Football season is here.
For the next few months, whistles, the sounds of pads crashing into each other, and cheers from fans after their favorite team scores, will fill the air in stadiums across East Tennessee.
And so will the beautiful aroma of that perfectly grilled burger.
Yes, tailgating season has also arrived. And after filling your belly with those football foods we all crave so much, we want to make sure you’re headed to the stadium – and not to the hospital. Improperly stored or incorrectly prepared food can be dangerous, even life-threatening. The following tips will help make sure your tailgate is a winning one.
Making Sure Your Tailgate Is A Touchdown
The first play to be executed for your tailgate is ensuring that all foods are transported from the house to the stadium correctly.
- Carry cold perishable food (raw hamburger patties, sausages, and chicken) in an insulated cooler packed with several inches of ice
- Make sure raw meat and poultry are wrapped securely to prevent juices from cross-contaminating ready-to-eat food. It’s best to store these foods near the bottom of the cooler so that their juices don’t contaminate other foods in the cooler.
- If you can’t keep hot food hot on the drive to your tailgate, chill the food in a refrigerator before packing it in a cooler. Reheat the food to 165° F using a food thermometer.
- If bringing hot take-out food, eat it within 4 hours of purchase.
You should also have water, soap and paper towels at your tailgate for hand washing and a spray sanitizer for cleaning. Keeping hands and surfaces clean is an easy and important step in preventing foodborne illness.
Now that your food has arrived safely to the tailgate, the next play is making sure the food is cooked safely. Harmful bacteria is an opponent you don’t want to have to face, so having a food thermometer on hand at your tailgate is as important as the food itself.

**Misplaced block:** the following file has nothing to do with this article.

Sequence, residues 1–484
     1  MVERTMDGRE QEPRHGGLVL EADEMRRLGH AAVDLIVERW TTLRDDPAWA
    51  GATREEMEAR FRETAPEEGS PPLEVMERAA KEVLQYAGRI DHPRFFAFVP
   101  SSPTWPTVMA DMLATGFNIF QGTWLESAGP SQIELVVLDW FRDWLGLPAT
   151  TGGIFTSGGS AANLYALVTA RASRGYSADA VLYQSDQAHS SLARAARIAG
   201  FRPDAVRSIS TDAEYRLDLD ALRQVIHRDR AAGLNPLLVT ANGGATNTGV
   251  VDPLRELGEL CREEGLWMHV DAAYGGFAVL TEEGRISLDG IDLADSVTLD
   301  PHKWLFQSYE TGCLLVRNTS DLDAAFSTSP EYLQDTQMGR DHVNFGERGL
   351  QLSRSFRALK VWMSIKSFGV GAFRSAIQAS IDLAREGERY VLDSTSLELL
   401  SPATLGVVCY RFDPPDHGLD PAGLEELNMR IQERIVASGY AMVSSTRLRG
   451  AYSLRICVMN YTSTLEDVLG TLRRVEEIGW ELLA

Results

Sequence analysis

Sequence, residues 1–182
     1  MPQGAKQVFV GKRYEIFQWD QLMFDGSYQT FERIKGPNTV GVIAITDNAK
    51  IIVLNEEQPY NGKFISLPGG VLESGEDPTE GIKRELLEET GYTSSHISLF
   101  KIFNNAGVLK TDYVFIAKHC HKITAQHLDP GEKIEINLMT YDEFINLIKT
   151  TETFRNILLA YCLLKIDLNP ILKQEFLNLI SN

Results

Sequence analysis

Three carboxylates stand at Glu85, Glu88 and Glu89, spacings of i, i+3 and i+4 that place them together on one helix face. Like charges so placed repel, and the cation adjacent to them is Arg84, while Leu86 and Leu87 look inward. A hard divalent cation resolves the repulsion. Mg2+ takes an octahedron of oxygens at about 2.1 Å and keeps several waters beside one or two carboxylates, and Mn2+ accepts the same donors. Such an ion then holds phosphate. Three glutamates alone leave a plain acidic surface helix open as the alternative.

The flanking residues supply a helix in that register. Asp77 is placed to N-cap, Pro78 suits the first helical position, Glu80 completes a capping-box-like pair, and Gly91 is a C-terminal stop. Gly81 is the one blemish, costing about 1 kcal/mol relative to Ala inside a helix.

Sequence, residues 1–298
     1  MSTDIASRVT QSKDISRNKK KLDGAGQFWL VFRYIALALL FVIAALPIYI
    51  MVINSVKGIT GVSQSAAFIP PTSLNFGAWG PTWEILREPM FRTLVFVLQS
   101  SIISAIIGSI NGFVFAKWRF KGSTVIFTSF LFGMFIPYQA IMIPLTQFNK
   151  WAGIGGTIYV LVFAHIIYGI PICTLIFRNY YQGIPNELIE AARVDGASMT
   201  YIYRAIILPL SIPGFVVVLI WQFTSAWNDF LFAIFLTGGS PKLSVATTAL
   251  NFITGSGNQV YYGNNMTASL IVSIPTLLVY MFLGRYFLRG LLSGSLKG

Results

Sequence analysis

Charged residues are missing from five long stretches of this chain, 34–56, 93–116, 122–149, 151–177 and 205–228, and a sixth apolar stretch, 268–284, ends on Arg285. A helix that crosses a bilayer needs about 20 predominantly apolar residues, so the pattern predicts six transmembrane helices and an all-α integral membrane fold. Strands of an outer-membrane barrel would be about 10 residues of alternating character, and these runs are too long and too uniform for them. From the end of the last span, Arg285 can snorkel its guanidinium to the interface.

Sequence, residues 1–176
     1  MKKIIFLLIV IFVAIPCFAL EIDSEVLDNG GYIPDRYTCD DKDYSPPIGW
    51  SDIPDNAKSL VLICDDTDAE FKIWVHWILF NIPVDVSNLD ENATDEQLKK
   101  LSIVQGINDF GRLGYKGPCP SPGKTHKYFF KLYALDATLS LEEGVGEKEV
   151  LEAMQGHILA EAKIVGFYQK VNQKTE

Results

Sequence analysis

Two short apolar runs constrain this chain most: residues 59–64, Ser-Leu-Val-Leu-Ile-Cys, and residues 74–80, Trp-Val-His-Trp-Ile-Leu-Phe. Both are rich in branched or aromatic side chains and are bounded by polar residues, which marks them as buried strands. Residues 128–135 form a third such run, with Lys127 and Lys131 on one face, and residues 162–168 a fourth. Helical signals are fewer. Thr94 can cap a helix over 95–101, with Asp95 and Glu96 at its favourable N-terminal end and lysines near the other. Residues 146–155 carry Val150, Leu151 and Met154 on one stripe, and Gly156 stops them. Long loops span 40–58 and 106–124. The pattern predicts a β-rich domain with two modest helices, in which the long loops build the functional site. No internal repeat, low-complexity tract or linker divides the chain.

- Beef, pork, lamb and veal steaks, roasts, and chops must be cooked to 145°F.
- Ground meats must reach an internal temperature of 155°F
- Poultry and casseroles must be cooked to 165°F.
(Click here to see a complete, detailed list of the FDA’s safe cooking temperatures.)
More Safe Tailgating Tips
When taking food off the grill, use a clean platter. Don’t put cooked food on the same plate that previously held raw meat or poultry. If there’s harmful bacteria in the raw meat juices they could contaminate the safely cooked food.
Cook only the amount of food that will be eaten. This takes away the challenge of keeping leftovers at a safe temperature. When it’s time to leave your tailgate for the game, make sure your food is stored in the cooler. Discard any leftovers that are not 40°F or below after the game. Food should not be left out of the cooler or off the grill more than 4 hours.
When it comes to food safety, a good rule-of-thumb is “when in doubt, throw it out.”